Hundreds of thousands of people are imprisoned without charge. It's not because they have committed a crime. It is because their relatives are believed to be critical of the regime and so they are punished. According to President Kim Jong Il, the bad blood and seed of any dissident must be rooted out down to three generations. Forced labour and starvation rations ensure that prisoners do not escape. Those who try to are publicly executed. But this is not the North Korea the government wants the world to see. The authorities go to great lengths to equip all foreign intruders with "minders" and monitor their every move.
The This World team were scrupulously guarded. The answers could only be found outside North Korea itself. Reporter, Olenka Frenkiel, hears testimonies from victims of the secret camps who have since fled to South Korea or the United States. And most shocking of all, she tracks down one of the perpetrators. Kwon Hyok, a former North Korean army intelligence officer, was also chief guard at "Prison Camp no. 22". For the first time on camera, he describes specially-made glass gas chambers used for human experimentation.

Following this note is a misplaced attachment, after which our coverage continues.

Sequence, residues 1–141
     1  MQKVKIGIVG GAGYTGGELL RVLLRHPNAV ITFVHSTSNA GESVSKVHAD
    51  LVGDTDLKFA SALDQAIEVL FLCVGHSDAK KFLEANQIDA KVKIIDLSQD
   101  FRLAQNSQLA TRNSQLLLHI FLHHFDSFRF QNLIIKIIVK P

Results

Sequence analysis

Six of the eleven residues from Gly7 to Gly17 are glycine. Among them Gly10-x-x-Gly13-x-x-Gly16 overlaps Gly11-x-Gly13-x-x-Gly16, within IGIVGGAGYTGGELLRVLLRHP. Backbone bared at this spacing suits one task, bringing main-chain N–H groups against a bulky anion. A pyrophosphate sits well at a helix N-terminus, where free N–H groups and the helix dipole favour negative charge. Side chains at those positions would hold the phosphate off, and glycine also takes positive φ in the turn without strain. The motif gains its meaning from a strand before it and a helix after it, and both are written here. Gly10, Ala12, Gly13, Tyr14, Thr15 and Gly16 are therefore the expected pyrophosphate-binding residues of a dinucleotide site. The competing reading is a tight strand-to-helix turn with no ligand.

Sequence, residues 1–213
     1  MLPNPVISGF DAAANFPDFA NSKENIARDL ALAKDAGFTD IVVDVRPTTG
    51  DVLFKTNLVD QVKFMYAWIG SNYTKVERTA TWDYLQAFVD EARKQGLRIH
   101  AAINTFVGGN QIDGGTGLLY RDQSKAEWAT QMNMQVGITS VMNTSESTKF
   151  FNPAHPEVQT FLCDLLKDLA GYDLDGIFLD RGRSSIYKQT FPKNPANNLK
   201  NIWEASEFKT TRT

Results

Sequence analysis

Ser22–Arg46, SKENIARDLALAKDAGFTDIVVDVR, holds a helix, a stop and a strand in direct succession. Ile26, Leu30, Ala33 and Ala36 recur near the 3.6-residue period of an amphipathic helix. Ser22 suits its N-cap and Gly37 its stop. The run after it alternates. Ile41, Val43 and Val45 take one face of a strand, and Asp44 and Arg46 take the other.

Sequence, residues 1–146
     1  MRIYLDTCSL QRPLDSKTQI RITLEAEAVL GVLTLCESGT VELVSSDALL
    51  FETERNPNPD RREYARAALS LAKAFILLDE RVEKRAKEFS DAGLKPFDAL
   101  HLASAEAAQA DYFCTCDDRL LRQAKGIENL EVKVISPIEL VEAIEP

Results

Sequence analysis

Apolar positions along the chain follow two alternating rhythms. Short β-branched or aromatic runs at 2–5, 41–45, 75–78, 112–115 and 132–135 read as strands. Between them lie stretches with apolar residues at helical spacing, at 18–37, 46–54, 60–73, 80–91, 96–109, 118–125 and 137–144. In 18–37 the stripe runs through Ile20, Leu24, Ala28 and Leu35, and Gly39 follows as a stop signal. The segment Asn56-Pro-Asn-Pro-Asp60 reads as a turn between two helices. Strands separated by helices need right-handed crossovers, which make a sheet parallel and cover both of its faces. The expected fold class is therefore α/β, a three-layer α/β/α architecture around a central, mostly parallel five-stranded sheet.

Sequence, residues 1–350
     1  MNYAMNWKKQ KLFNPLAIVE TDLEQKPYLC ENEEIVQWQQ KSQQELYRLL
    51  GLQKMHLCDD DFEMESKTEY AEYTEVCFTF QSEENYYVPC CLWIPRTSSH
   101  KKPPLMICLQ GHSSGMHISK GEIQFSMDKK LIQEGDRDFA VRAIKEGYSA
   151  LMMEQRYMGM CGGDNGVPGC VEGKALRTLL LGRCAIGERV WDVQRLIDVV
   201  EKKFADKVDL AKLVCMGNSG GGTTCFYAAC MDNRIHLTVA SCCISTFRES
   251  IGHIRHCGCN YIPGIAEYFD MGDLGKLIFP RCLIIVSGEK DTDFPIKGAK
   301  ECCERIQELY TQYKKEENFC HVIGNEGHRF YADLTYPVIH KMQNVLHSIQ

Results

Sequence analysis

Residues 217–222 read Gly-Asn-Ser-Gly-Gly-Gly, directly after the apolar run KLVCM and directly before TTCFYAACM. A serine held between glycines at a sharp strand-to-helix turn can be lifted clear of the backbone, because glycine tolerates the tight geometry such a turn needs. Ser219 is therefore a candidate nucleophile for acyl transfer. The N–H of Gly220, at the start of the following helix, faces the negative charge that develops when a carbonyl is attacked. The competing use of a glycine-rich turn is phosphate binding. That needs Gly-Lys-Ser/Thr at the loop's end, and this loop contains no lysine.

This World asks: if a deal is reached with North Korea about its nuclear weapons, should it be allowed to keep their gas chambers?
Tags: North korea, Access to evil, nuclear nightmare, asia, Kim jong il, crimes against humanity, human experimentation, wmds, pyongyang, war, global threat, gas chambers, famine, starvation, gulags, fascist, socialist, police state, communism
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